Wednesday, February 25, 2009

A Sustainable Situation?

Following recent comments by the Environment Minister in Northern Ireland, Sammy Wilson MLA, it has become apparent that the environmental lobby still has a lot of work to do before some people are convinced that anthropogenic activity has any effect on the global climate.

Although it is faintly ludicrous to have an environment minister that has no scientific background there is another reason to make all reasonable efforts to conserve energy.

The fact is that the vast majority of energy consumed globally is derived from fossil fuels. No-one can deny that they are a finite resource. The rate of extraction vastly outweighs the rate of oil generation in sedimentary basins globally. Oil, ultimately, is not a sustainable resource.

The uses of hydrocarbons are many and varied. From the mundane filling the car petrol tank and electricity generation through to the obvious uses in plastics manufacture. From the clothes most of us wear to the medically vital production of surgical instruments, medicinal drugs and equipment, hydrocarbons are an essential part of modern life.

Surely in this case it makes sense to conserve a diminishing resource?

Can it not be argued to the likes of Sammy Wilson that whether or not he believes that climate change is an anthropogenic issue it makes sense to save energy? Or when he is 70 years old and in need of a hip replacement would he rather be told that because he enjoyed the “personal freedom” of leaving his TV on standby for the last 30 years the procedure will have to be performed without pain killers?


  1. This is a great example of individual and national power games being played out at the expense of a global issue. I do not think though that the answer is more work by the environmental lobby. A more effective strategy would be for Sammy Wilson to have an understanding of what underlying need has prompted him to make such a response, which, I suspect is a lot more deep-seated than, and possibly completely unrelated to, his statement that he does not believe that man-made greenhouse gas emissions are the main cause of climate change.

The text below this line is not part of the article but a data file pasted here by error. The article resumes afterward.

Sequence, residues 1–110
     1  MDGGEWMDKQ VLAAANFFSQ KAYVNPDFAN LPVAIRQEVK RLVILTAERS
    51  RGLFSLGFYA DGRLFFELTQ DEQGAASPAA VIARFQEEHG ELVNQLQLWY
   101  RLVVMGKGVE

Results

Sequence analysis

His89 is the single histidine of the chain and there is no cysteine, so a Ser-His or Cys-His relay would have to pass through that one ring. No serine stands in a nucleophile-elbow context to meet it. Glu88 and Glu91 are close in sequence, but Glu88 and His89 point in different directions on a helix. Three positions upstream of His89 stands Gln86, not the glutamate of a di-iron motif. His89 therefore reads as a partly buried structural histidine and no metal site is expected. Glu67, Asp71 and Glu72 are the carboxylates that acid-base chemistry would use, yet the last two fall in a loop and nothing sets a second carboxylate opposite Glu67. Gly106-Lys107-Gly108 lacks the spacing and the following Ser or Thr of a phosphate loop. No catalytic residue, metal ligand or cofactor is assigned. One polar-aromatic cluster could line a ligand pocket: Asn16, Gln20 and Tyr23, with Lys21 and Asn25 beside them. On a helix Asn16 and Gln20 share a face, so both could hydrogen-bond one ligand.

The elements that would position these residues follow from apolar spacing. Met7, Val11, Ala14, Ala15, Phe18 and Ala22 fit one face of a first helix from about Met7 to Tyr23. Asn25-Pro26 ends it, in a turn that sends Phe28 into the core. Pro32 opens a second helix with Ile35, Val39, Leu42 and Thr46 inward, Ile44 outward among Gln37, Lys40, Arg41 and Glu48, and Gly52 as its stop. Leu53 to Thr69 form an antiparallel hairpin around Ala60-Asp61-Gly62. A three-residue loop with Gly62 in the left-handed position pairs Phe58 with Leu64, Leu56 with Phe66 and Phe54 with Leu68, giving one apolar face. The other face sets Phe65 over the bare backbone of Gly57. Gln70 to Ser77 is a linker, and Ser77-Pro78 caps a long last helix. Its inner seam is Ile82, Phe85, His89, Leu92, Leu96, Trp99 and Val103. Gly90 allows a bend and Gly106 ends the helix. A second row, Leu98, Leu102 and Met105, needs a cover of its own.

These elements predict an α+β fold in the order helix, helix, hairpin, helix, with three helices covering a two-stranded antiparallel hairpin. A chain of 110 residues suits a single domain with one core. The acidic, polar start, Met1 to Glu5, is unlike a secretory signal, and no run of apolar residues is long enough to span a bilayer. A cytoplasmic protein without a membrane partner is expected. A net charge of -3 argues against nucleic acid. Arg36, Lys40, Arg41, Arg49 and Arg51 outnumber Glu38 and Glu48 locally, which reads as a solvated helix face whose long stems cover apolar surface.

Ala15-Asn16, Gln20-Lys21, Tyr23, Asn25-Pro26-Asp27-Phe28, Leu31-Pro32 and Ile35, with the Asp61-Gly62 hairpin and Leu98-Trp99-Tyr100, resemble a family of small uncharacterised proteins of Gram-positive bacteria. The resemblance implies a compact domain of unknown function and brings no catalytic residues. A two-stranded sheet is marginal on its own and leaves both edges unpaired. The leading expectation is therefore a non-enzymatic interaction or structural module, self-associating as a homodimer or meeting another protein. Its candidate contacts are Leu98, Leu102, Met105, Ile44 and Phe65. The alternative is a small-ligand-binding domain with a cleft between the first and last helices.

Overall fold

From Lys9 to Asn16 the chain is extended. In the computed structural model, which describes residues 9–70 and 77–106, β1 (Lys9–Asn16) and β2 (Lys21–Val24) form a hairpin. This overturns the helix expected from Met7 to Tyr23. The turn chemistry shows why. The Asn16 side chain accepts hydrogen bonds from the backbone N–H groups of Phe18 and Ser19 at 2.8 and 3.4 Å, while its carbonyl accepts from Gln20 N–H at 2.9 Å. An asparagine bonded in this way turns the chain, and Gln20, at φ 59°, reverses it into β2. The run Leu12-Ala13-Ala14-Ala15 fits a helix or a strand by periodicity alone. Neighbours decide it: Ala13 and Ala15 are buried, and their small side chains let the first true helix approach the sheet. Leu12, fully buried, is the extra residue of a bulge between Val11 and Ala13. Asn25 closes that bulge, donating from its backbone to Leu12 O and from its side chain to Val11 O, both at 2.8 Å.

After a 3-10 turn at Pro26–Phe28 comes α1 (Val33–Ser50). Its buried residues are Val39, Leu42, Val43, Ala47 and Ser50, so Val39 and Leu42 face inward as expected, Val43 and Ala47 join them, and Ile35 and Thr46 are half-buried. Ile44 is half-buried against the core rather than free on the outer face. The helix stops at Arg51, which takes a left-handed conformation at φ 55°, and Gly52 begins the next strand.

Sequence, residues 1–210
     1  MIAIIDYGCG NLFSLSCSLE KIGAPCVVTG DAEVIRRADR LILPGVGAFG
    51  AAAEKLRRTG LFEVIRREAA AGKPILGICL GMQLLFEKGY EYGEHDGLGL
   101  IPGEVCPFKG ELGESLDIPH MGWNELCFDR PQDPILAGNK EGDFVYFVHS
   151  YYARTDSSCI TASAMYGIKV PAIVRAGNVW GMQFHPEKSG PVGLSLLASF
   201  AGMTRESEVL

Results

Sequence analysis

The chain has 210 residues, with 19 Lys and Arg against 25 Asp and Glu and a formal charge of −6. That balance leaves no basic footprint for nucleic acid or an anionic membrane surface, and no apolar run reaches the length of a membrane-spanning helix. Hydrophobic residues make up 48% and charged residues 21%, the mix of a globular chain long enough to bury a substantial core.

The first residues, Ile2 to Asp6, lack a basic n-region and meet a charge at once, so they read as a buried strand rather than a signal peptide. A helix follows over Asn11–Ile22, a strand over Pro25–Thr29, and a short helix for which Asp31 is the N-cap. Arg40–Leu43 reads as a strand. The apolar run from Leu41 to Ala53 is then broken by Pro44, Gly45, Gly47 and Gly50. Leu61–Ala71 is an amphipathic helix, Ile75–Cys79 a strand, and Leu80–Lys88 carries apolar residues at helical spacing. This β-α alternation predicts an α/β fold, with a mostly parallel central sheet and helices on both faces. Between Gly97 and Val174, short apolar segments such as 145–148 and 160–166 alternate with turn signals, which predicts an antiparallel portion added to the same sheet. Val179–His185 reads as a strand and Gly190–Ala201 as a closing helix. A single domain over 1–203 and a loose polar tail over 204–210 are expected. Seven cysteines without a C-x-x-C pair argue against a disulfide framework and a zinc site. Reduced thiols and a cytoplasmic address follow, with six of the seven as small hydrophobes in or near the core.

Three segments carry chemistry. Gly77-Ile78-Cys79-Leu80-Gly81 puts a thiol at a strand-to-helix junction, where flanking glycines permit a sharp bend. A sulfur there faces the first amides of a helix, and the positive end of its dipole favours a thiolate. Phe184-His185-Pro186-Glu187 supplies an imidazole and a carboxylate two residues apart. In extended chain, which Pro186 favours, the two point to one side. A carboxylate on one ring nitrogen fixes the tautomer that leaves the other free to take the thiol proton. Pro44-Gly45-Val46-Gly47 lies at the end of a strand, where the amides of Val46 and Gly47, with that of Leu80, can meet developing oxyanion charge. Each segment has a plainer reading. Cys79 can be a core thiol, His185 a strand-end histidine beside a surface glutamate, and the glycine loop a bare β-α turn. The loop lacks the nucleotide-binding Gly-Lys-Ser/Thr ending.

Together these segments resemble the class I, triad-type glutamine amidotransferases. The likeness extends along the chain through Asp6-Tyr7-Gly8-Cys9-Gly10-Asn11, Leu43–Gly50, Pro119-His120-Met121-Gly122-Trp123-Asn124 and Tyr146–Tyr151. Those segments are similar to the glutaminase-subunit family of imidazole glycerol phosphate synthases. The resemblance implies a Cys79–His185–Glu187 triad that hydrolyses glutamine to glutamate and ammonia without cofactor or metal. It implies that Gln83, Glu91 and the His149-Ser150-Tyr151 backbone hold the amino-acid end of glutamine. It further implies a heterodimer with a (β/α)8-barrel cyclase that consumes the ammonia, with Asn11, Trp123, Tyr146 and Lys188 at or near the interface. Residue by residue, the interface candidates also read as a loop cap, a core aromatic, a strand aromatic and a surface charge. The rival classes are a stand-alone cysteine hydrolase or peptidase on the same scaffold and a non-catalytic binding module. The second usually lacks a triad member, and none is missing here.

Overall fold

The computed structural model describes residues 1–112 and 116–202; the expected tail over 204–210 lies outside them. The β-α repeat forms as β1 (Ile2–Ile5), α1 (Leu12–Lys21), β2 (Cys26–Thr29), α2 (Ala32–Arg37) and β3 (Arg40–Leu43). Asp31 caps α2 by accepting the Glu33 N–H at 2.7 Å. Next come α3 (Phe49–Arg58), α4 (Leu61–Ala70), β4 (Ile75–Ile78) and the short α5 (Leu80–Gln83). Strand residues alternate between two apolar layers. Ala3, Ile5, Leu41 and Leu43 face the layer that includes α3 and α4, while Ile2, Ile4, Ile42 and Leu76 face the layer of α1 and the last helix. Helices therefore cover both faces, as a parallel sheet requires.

2. I have to confess that this is an angle that I had not considered.

    However, I have to say that I do not know which situation says the most about Politics. 1. Ministers do not fully understand/disagree with their departments and government policy. 2. Misiters are happy to seek a political advantage at the expense of the global climate. 3. A Minister can be manipulated by others (private citizens or elected people) in order to get them a political/financial advantage at the expense of global climate or 4. Ministers are willing to say anything to get their time on TV.

    I am sure that there are other possible scenarios as described above. I am sure, though, that my (already low) opinion of politicians is not enhanced by this whole episode.

  3. Arguing about science is a relatively risk free business [for politicians] ... But talking openly about values is much more dangerous, because it reveals what is truly at stake’
    - Sarewitz 2000

    The one who adapts his policy to the times prospers, and likewise that the one whose policy clashes with the demands of the times does not.
    - Machiavelli

  4. I think Ruth made a very good point that governmental policy has taken priority over a much more pressing issue here. It is undeniable by even the most paranoid conspiracy theorist that the energy sources we currently employ are running out and we will be in dire straits before too long. Mr. Wilson's real problem seems to be that it was a Labour advertising scheme and the message he saw was possibly different to the one that was sent.

    It is a sad state of affairs that Mr. Wilson feels so threatened by Labour's influence that he sacrifices a much bigger problem on the altar of his own desire for control.